Nokia says “Goodbye DSLR” in New Lumia 1020 Ad

Nokia declared war on DSLRs with its Lumia smartphones several years ago, stating that smartphones would replace DSLRs. A couple of years ago, Nokia’s ad campaign showed off some amazing footage that looked like we might all eat our words when the Lumia 920 was launched. Then, we discovered Nokia was actually trying to pass off DSLR footage as coming from the Lumia 920.

Now, we have this latest commercial spot making fun of “massive DSLRs” and suggesting that a 41MP Nokia Lumia 1020 can get the same or better shot. However, Nokia gets a little carried away with the suggestion, which makes the entire ad a little silly.

Nokia Lumia 1020 Ad

In a couple segments of the ad, it shows photographers with a DSLR body (and a massive 400mm-ish telephoto lens attached) handing the combo off to a stranger to “grab a shot” of the photographer in front of a landmark. It’s just plain stupid.

Perhaps Nokia is playing off of the general public’s ignorance of what a DSLR camera is and lack of awareness of the fact that there are tiny DSLRs available.

Canon Rebel SL1-5

Maybe Nokia doesn’t care to offend the audience (who they should be targeting) of pro and enthusiast photographers, who otherwise seem to be intrigued with the DNG capture available on the Lumia 1020.

Here’s the thing though – the Lumia 1020 and DSLRs can co-exist. Everything doesn’t have to be a war (in spite of Scott Kelby’s recent switch). Smartphones aren’t going to “replace” DSLRs. Nokia can make its goofy commercials all it wants (and use DSLR images when it needs “great” image quality); however, those of us who care about image quality when we take expensive vacations like the ones depicted in Nokia commercials are going to pack more than a smartphone and its teeny, tiny sensor.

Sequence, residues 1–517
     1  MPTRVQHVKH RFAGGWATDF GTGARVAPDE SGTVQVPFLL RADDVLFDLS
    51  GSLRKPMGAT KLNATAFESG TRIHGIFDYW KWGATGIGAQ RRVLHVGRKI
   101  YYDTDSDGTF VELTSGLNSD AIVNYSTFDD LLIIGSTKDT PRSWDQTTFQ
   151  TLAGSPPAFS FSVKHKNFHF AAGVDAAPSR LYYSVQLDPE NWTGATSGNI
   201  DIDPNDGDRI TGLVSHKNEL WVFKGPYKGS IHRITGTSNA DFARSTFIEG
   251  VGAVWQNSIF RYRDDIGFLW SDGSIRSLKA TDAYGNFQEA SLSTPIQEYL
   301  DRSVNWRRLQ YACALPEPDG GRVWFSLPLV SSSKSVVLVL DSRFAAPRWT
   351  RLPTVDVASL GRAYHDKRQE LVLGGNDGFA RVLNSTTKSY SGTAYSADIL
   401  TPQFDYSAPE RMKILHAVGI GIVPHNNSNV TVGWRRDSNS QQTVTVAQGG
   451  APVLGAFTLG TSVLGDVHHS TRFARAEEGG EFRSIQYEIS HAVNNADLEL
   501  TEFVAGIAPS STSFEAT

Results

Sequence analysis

Nokia Lumia 1020

All that said, if the Lumia 1020 was available on Verizon, I would have probably picked it up over the Note 3 just for the sake of the camera – and in spite of the lack of apps currently available on the Windows platform. I take a lot of photos with my phone because it is the camera that is always in my pocket. However, when I make a conscious decision to go take photos, I use a camera and lenses that are designed solely for capturing quality images.



  1. Jared says

    Completely agreed!

    If I wanted 41 megapixels, I’d want it in nothing smaller than a full-frame 35mm sensor.

    I have a Fuji X10 for convenience, and cell phone for even more convenience. But neither compare to the quality of my “grown-up camera”.

    Once Canon , Nikon, and others start implementing better WiFi options for instant sharing, etc. we’ll see the pendulum swing back the other way.

  2. Darren says

    Nokia is playing on the stupidity of the public.

    Mathematically, the size of that sensor, which is larger than most cell phone sensors, would not benefit by any more than about 10 mp. 41 is not noticeable.

    Second, Nokia, now a Microsoft company has to deal with the fact the camera has the windows 8 interface, which even Microsoft is panicking to replace more than a year earlier than planned. Windows 8.x is a disaster.

    As someone else said, if I was going to shell out the thousands of dollars to go on an expensive vacation, I would be a fool to use a cel phone camera to record my trip.

    I carry a Fuji X-M1 with a couple of lenses in my Man Bag. It is with me about 75% of the time I am out of the house. I shoot what matters and gets paid for with a D800 and a bag full of primes. Yep, my iPhone records the rest. Mostly, stuff that needs to be emailed right away, or when I can pull out the Fuji.

    Nokia have, in my opinion taken a step back in credibility.


  3. Jan Karlsson says

    Nokia….Say something that they’ve done well.
    I’m not surprised, this clarifies just what many Nokia users said long time.
    It is a company that can not think about what people want or how things should work.
    Buy a Nokia and you get a big problem, so it would stand.
    I have for many years been forced to use their junk phones on the job, and how any idiot can buy these is a mystery …. or probably bribed by sellers.
    All their phones lack the logical thinking, and fortunately, people have now begun to understand what Nokia is not yet understand.
    As we say at work.
    Are you supposed to complicate something so, do a “Nokia”
    We were improving, but it became a “Nokia”, just to start over.